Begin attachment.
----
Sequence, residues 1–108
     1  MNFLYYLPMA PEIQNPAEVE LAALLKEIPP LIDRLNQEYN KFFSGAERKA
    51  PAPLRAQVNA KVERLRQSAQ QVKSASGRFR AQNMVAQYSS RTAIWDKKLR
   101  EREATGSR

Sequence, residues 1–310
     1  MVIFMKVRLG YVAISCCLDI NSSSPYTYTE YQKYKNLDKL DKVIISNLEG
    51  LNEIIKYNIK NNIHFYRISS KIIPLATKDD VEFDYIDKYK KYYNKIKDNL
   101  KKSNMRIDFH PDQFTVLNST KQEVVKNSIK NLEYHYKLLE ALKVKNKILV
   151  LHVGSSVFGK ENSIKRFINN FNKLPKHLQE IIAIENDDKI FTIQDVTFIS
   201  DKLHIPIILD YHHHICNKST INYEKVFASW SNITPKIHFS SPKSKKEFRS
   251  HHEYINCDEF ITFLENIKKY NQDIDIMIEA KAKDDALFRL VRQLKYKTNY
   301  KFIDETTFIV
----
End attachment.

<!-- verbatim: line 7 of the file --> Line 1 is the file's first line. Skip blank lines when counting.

    51  LNEIIKYNIK NNIHFYRISS KIIPLATKDD VEFDYIDKYK KYYNKIKDNL